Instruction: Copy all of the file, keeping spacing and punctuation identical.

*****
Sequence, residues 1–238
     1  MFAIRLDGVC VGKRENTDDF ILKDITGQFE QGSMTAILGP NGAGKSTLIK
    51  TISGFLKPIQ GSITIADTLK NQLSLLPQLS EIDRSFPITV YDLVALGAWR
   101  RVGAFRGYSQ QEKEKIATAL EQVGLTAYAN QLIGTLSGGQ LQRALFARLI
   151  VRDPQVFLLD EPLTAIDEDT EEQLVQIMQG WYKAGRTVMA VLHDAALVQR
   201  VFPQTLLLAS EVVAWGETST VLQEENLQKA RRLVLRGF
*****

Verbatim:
Sequence, residues 1–238
     1  MFAIRLDGVC VGKRENTDDF ILKDITGQFE QGSMTAILGP NGAGKSTLIK
    51  TISGFLKPIQ GSITIADTLK NQLSLLPQLS EIDRSFPITV YDLVALGAWR
   101  RVGAFRGYSQ QEKEKIATAL EQVGLTAYAN QLIGTLSGGQ LQRALFARLI
   151  VRDPQVFLLD EPLTAIDEDT EEQLVQIMQG WYKAGRTVMA VLHDAALVQR
   201  VFPQTLLLAS EVVAWGETST VLQEENLQKA RRLVLRGF